One of the biggest complaints that I’ve seen about the book is that it is extremely cheesy and corny, and I am inclined to agree. It’s hard to take Harper’s writing seriously when the chapters are called things like ‘The Sexy Tundra Wolf’. I couldn’t tell if she wanted the characters to sound like they’re from the present day or from a Victorian-era witchery circle. Maybe she wanted to blend both, but the two clashed at times and made it hard to immerse myself in the story. I felt incredibly mesmerised by the descriptions of Thistle Grove’s traditional magic, only to be ripped out of my trance by present-day dialogue or references to modern technology or Emmy’s life in Chicago. It’s a hard thing to balance, and I could see how it was maybe used as a narrative device to show how Emmy is trapped between her two worlds. However, when Harper does get serious, her writing stings. There were many times while reading where I was able to understand exactly what her characters were feeling and why. While inconsistent at times, the characters had their viewpoints or actions realistically challenged, which produced satisfying character growth. A great example of this is Linden revealing her fears of being left behind after Emmy had abandoned Thistle Grove for Chicago. Emmy finally realised that by leaving with no explanation, she hurt the people she was closest to and had a lot to make up for.
Thistle Grove is a great setting, although at times I felt it needed more exploration. A town which is a weird eclectic mix of witches and normal humans who live amongst each other and use their magic to keep the town functioning. The mythology of the four town founders was interesting, and I enjoyed reading about how the different families interacted with their respective founders beyond the grave. Emmy’s description of the atmosphere of Thistle Grove with the ebbing and flowing of the magic was incredibly immersive.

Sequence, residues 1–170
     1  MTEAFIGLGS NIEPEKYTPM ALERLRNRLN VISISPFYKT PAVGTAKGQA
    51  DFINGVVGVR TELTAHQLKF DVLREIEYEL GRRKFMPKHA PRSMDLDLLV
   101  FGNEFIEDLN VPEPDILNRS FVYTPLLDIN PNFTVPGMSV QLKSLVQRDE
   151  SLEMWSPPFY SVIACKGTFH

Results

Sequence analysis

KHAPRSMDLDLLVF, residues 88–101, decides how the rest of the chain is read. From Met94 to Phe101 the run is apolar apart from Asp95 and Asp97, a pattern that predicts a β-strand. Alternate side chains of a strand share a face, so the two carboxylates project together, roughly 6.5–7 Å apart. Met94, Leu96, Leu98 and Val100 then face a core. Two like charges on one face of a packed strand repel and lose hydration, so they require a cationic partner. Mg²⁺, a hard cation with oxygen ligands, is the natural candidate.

Harper’s worldbuilding tried to introduce too many concepts and problems that were then dropped after first mention. You could argue that, as the opening book to a trilogy, its job is to set up future conflicts and concepts for the sequels, which justifies leaving so many loose ends scattered everywhere. But to me, it made the book feel incomplete. If it were a standalone novel, Payback’s A Witch would definitely suffer from having too many concepts with little proper closure, and as a trilogy opener, it still feels messy to me. Instead of leaving mysteries that I wanted to read more about in a sequel, I just felt like plotlines had been randomly abandoned. What is the history between Rowan and Issy? What happened to the Gauntlet-winning family gaining more power or magical skill? What unique proficiency do the Harlows possess beyond arbitrating like the other families? All of these were questions I had that, as far as I could tell, didn’t have concrete answers.
The night air gusted against my face, smelling like an absolute of fall; woodsmoke and dying leaves and the faintest bracing hint of future snow. And right below that was the scent of Thistle Grove magic, which I’ve never come across anywhere else. Spicy and earthy, as if the lingering ghost of all the incense burned by three hundred years of witches had never quite blown away. A perpetual Halloween smell, the kind that gave you the good-creepy sort of tingles.
I know it sounds like I’m being very critical, and one might wonder why I still gave it three stars with all these complaints. There’s still a lot to like about this book. Going into it blind, I had no idea that there would be a sapphic relationship, and I enjoyed the chemistry between Emmy and Talia. I thought Linden and Rowan were likeable characters too. Emmy’s central internal conflict of not knowing where she belongs was relatable. Emmy’s realisation that her actions haven’t just impacted her but everyone around her was a satisfying moment. It really made it clear that, for most of her life, Emmy has been stuck in her own head to the point that she wouldn’t consider those who care about her. While occasionally cheesy, there were moments where Harper’s writing was genuinely clever and witty, and there were a few lines that made me chuckle out loud.
Payback’s A Witch is a fun introduction to The Witches of Thistle Grove trilogy. While it has flaws that I could not ignore, the book has an endearing charm and great ideas that I hope will be broadened and better utilised in its younger siblings, From Bad to Cursed and Back in a Spell. I hope the stories that Harper has to tell through these characters and the town of Thistle Grove only improve from this point forward.
“ . . . This town is in your blood, in a way you might not even understand just yet.”
Rating: 3 stars.